# Re: [AMBER] cpptraj density command

From: Ignacio J. General <ijgeneral.gmail.com>
Date: Sun, 22 Nov 2015 11:09:41 -0300

Dear David and Dan, thanks so much for your replies. But I still have some
doubts about it, so let me be specific:

I am using the cpptraj command:

density out charge_density_nopep.dat charge delta 0.1 ":Cl-,:K+,:WAT,:1-385"

in order to calculate the charge density. It outputs a file containing
lines like this one:

25.6500 -0.610 3.68050

I believe the 1st column is z, 2nd charge density and, is the 3rd one
standard deviation (as it says "sd", although I am not sure what statistics
it is doing...)?

I am trying to solve Poisson's equation, where on the right hand side I
have rho, the charge density (say in units of C/A^3). So my specific
question is: how do I convert that -0.610 in the output file to C/A^3?

Is it just dividing by the area of the box, x*y, and multypling by the
charge of the electron?

I know I can test this by looking at the order of magnitude, but I have
written a program to do this, and I am getting a wrong order of magnitude,
so I am not sure at this point if my error is in the code or in my
interpretation of the cpptraj numbers, or in both...

Ignacio

On Sat, Nov 21, 2015 at 2:59 PM, Daniel Roe <daniel.r.roe.gmail.com> wrote:

> FYI, there is also this entry in the Amber15 manual for the 'density'
> command:
>
> "number|mass|charge|electron Number, mass, partial charge (q) or
> electron (Ne - q)
> density. To convert the electron density to e-/Å3 divide by the (average)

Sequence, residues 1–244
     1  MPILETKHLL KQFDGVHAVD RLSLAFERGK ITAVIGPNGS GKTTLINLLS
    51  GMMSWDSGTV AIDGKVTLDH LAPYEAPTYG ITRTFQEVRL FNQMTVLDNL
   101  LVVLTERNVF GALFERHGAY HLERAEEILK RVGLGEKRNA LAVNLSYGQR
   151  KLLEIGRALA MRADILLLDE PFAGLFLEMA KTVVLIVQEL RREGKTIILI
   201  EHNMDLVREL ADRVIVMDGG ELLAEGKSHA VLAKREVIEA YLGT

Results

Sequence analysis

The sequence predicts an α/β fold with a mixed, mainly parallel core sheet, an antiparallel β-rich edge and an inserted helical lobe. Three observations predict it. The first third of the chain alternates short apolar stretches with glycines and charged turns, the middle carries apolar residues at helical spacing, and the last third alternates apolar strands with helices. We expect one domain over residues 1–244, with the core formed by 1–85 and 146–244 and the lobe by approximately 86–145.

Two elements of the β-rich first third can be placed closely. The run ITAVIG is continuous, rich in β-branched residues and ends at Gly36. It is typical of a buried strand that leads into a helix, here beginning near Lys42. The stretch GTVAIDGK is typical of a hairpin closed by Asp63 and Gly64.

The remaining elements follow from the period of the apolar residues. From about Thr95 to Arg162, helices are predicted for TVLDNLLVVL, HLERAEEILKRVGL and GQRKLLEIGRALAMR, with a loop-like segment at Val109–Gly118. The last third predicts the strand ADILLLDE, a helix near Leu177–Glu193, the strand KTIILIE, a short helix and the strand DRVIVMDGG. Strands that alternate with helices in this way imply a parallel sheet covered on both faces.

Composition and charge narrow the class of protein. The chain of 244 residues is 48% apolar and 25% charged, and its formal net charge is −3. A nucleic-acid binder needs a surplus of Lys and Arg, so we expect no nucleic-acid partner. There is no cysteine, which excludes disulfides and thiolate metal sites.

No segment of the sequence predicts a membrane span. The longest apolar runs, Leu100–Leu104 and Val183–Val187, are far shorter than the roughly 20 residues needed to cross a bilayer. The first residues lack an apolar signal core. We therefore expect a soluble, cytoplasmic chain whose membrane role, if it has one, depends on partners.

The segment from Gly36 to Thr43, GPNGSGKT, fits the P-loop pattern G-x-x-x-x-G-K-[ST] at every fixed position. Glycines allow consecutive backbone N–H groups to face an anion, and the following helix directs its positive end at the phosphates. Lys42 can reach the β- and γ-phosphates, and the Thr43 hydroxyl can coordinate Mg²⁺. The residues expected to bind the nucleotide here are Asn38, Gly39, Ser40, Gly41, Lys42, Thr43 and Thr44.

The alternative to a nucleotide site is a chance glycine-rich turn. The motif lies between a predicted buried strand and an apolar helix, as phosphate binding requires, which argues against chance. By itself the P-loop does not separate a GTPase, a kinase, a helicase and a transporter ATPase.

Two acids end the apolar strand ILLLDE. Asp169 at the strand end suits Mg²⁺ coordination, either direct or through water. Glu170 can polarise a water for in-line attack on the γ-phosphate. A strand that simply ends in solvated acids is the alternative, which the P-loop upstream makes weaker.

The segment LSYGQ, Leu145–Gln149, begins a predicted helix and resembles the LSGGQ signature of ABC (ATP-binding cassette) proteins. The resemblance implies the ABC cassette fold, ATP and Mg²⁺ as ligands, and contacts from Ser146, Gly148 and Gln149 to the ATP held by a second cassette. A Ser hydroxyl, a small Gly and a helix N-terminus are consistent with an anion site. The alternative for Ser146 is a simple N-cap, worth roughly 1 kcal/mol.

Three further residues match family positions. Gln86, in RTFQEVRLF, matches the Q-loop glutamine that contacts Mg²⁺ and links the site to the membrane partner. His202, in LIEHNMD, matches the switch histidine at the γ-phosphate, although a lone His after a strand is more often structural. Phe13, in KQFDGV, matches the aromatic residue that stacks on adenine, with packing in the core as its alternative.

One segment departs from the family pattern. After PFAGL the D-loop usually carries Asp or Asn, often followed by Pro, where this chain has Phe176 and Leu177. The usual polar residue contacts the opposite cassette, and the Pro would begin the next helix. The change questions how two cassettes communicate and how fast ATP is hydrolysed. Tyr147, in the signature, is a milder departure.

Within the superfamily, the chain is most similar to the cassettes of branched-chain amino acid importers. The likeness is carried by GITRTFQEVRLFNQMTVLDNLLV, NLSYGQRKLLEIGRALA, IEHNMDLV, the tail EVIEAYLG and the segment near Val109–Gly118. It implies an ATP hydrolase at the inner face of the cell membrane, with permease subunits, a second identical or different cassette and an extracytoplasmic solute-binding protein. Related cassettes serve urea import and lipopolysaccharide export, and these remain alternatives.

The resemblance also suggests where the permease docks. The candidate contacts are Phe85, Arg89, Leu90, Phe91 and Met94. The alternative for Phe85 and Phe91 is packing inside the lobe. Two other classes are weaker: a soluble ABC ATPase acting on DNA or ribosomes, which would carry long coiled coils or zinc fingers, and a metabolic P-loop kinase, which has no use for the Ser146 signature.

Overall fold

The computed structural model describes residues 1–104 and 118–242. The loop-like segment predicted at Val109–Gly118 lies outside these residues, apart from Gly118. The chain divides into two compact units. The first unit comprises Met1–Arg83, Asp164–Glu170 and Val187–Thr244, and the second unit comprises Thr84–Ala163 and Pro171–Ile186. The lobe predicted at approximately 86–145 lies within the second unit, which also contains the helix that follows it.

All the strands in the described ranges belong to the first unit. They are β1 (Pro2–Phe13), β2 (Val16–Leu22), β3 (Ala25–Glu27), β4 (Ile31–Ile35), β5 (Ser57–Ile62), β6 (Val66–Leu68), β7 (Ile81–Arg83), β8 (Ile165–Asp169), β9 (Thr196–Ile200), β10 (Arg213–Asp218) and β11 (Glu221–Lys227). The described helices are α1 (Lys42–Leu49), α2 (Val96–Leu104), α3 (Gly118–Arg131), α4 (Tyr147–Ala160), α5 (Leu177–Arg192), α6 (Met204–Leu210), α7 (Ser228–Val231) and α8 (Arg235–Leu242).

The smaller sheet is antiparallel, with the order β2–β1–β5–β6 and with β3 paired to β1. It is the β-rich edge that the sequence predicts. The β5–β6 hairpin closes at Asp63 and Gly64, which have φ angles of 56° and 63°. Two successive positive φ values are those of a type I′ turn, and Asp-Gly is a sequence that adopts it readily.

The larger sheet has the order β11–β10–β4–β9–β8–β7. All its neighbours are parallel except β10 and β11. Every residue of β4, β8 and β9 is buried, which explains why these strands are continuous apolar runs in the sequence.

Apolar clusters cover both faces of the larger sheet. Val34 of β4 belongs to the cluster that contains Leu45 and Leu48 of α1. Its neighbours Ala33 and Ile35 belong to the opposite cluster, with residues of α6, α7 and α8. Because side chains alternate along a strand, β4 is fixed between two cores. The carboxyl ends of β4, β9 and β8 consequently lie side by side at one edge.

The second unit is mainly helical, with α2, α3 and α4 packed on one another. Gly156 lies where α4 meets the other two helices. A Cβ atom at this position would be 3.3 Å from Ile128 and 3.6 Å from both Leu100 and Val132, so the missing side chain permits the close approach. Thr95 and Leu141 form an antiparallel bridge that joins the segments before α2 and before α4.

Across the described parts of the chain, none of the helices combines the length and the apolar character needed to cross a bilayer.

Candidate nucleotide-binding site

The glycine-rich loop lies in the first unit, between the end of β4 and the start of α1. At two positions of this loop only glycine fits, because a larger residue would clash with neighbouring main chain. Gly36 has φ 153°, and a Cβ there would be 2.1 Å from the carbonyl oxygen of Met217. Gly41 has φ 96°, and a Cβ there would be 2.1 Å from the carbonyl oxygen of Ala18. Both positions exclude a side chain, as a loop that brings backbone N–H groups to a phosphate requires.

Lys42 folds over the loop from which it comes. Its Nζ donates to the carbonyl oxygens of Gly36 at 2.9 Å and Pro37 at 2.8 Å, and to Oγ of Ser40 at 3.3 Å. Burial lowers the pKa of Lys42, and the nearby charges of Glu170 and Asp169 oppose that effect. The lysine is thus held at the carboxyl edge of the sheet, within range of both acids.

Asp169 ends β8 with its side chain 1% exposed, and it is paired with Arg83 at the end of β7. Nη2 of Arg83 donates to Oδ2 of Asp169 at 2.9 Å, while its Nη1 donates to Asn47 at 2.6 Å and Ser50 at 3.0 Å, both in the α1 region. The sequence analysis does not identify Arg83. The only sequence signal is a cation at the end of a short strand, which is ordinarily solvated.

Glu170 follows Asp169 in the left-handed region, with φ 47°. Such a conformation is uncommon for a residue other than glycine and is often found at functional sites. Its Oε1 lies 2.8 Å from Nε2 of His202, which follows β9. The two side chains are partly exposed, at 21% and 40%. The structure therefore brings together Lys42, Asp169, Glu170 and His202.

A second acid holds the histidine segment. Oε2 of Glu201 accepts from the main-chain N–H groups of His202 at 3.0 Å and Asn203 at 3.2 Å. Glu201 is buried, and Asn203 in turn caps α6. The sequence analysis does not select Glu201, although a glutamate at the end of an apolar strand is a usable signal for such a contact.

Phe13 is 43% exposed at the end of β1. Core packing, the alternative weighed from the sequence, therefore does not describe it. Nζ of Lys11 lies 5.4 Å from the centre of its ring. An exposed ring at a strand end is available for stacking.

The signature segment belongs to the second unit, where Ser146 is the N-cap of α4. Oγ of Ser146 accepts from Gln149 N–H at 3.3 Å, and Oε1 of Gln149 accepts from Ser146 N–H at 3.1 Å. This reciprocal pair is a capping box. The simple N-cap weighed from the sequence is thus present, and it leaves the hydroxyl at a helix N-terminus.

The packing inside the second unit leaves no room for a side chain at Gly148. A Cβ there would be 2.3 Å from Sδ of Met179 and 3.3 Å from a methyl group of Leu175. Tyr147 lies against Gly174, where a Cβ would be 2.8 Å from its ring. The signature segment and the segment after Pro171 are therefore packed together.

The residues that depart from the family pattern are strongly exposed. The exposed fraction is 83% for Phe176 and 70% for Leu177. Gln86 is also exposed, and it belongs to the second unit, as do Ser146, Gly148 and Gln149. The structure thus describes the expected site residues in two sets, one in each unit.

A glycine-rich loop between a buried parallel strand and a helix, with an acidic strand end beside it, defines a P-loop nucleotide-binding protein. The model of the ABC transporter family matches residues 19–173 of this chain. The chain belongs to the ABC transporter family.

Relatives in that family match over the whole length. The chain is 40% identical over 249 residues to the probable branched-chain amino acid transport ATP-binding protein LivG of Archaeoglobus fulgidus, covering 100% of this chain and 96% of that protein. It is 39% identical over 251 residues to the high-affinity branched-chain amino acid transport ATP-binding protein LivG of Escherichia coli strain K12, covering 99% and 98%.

> area spanned by the other two dimensions. (number)"
>
> -Dan
>
> On Sat, Nov 21, 2015 at 6:54 AM, David A Case <david.case.rutgers.edu>
> wrote:
> > On Sat, Nov 21, 2015, Ignacio J. General wrote:
> >>
> >> density out density.dat charge 0.1 ":1-451"
> >>
> >> in units of Coulomb / A^3? Or is in units of electron charge / A^3?
> >
> > Amber never uses Coulombs, which in any event would be 19 orders of
> magnitude
> > different than the electron charge, so pretty easy to spot.
> >
> > Amber uses charges in electron charge and distances in Ang., so a charge
> > density should be in units of e/A^3. There are various ways to check
> this,
> > e.g. just take a single ion, compute the charge density on a grid, and
> sum up
> > all of the values.
> >
> >> PD: I sent this message yesterday, but didn't appear in the mail
> archive,
> >> so I am sending it again. Sorry if, after all, it gets there 2 times...
> >
> > The archive is only updated a few times a week, so there can be a time
> lag
> > before items appear.
> >
> > ....dac
> >
> >
> > _______________________________________________
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> > AMBER.ambermd.org
> > http://lists.ambermd.org/mailman/listinfo/amber
>
>
>
> --
> -------------------------
> Daniel R. Roe, PhD
> Department of Medicinal Chemistry
> University of Utah
> 30 South 2000 East, Room 307
> Salt Lake City, UT 84112-5820
> http://home.chpc.utah.edu/~cheatham/
> (801) 587-9652
> (801) 585-6208 (Fax)
>
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Received on Sun Nov 22 2015 - 06:30:04 PST
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